Frederick Cuevas has been Staten Island's leading home run hitter to start the year with 2 (Robert M. Pimpsner/Pinstriped Prospects)

SI Yanks Notebook: Offense Off To A Slow Start

The Staten Island Yankees early record of 3-6 does not indicate a strong start to the season. They have had the lowest hit total of any team in the New-York Penn League (51) with 17 of those hits being extra-bases (13 doubles and four home runs). Plus, they have hit .183 as a team and scored 24 runs (four of them coming in last night’s win).

The offensive numbers have left a lot to be desired early and here is what hitting coach Ken Joyce had to say about the team’s slow start at the plate after Friday’s 2-0 loss to Aberdeen:

“Well, I think part of it has to do with the fact that we have a lot of young players playing at this level for the first time against some older pitching. So, the approach they are facing is something they are not used to. The Gulf Coast League, you see a lot more fastballs than you are going to see here. Guys here have a tendency to pitch backwards. They are coming off the fastball and we are looking for other things besides the fastball. We need to get back to that. That’s what our strength is.”

Now, that does not mean there haven’t been players that have stood out on Lino Diaz’s squad. One player that has been a key for the Baby Bombers’ offense is outfielder Frederick Cuevas. The 20-year-old is hitting .348 with a pair of solo home runs and he has drawn eight free passes, which is three more than any other player on the roster. Here is what Diaz had to say about him after Thursday’s game against the Aberdeen Ironbirds:

“Cuevas is a gamer. He’s a guy that goes out there and gives you the best he has. If you allow him, he will hurt you. He’s one of those guys that you have to have in the lineup. At anytime, when you least expect it, he will hurt you.”

Joyce added about Cuevas’ approach that “he’s been consistent with it. He’s hunting the fastball and doing damage with the fastball and not worried about the offspeed. That’s why he’s getting his walks. He’s a guy that has a little more experience and he’s a professional hitter doing his job for us.”

Ryan Lidge is playing for his fourth different affiliate this season, but he has made an impact on and off the field in Staten Island.  (Photo by Martin Griff)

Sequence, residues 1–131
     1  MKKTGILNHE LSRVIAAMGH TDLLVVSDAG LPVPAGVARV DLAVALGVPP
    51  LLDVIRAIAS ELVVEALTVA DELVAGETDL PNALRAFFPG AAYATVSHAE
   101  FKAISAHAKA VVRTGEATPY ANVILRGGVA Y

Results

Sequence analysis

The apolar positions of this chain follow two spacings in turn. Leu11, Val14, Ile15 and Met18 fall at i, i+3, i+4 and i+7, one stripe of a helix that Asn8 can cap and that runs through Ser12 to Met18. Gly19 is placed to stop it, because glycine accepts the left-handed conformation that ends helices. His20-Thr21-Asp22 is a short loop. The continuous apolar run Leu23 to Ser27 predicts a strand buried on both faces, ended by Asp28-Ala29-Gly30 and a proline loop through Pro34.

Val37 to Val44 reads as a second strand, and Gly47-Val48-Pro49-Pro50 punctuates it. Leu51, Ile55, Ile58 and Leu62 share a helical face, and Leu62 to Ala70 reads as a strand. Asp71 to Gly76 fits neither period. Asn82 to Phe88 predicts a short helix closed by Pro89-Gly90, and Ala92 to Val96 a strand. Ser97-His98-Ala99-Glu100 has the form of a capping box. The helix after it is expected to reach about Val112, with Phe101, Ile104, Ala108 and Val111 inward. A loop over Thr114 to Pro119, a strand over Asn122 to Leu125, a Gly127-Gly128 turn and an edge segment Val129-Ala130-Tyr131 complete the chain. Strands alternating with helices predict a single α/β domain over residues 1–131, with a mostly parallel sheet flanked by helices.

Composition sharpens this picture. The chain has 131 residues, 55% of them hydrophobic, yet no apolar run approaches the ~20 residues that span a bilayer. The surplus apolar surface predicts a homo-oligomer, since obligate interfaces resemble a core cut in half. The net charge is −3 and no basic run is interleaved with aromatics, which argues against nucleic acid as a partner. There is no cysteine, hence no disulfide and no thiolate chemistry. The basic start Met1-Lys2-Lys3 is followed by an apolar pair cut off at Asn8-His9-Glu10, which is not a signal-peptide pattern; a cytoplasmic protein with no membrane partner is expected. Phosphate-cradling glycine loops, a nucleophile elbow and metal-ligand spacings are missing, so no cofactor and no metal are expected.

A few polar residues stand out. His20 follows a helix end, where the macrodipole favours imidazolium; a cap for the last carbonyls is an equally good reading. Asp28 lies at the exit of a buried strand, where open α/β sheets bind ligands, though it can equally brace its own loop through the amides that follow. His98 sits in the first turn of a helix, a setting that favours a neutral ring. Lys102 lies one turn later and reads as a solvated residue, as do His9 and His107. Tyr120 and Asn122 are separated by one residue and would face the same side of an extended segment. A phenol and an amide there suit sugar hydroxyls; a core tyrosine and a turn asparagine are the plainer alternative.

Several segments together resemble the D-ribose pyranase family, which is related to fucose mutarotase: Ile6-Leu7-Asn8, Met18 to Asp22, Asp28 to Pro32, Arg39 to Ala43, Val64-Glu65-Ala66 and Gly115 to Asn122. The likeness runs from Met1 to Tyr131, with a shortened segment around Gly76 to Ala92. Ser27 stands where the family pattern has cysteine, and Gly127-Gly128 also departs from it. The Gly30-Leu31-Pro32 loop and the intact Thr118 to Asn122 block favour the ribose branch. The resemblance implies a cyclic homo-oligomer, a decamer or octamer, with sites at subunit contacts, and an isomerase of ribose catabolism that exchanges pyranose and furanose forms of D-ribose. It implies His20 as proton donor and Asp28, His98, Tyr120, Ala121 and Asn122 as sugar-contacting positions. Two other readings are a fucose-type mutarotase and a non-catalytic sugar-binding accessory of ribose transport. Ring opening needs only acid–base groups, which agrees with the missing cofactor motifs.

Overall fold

Meanwhile, a player on the Staten Island Yankees squad that didn’t start the year here is making his veteran impact on the club. That would be catcher Ryan Lidge. New York’s 20th Round pick in 2017 has played 26 games for four different affiliates and he has been a key to helping some of the younger pitchers.

He’s been good for the team. Anytime you have a guy like that that is open to other players to talk to and everything, it is a great thing,” said Diaz. 

As for Lidge, he told me about what has been the toughest part of going back-and-forth between the different clubs:

Probably just keeping a level head and staying consistent, replied Lidge. “Just because I am playing in Trenton or playing in Staten Island, the only thing that changes is my teammates and the venue I am playing at. When it comes down to it, baseball is the same game. Bases are 90 feet away, the pitcher is 60 feet, 6 inches away and guys throw hard all over the minor leagues. Trying to stay consistent is definitely a challenge and it’s something I am trying to take a lot of pride in. 

Lidge’s bat has been a key towards the bottom of the order as he has hit seventh in the lineup in four out of the five games. The 23-year-old switch-hitting catcher is 9-for-23 at the plate with a home run and five RBIs. As Joyce talked about after the game on Friday, he has brought a professional mindset to the team:

“I am proud of the fact that he comes to work every day and he’s the same guy. He’s consistent with his work and approach. He’s done a real nice job of trying to help the younger hitters understand how to go about it at this level. It’s nice to have a guy like Ryan Lidge that can help them out.”

Before the recent homestand, the Yankees had their first road series of the season as they headed up to Massachusetts to take on the Lowell Spinners. They lost two out of three games in the series, but Diaz thinks that the offense is close to heating up:

“It was very competitive. The team is still getting situated with their routine. We are in the early stages, but I do like our team. I like the possibilities of where we can get. I think we have good talent and it is just a matter of getting our routines down. I do believe we will get going. It will just take a couple of days until we get there.”

Eduardo Torrealba does not have many hits early, but he’s been squaring the ball up consistently for Staten Island (Robert M Pimpsner/Pinstriped Prospects)

One other player to mention is shortstop Eduardo Torrealba. The shortstop is squaring up the ball and making a lot of loud contact in the early stages of the year. He only has five hits, but he has two doubles and two RBIs in 31 at-bats.

“He’s a guy that is consistent with his approach and swing. He’s staying on the fastball for the most part. The more he stays on the fastball, the better the hitter he is,” said Joyce. 

Finally, I asked Joyce what is the first thing he tells a new hitter when he first enters the organization like Kyle Gray and Alex Junior did on Friday. Here is what he said:

When they first get here, there is a 30-day rule that we are not going to touch them. We are going to let them perform and let them do their thing. My job as a hitting coach is twofold. One is to put them in the best possible position I can put them in to take a swing knowing I will never take that swing for them. The other thing is to make them believe they are the best hitter to ever play the game.”

 

 

 

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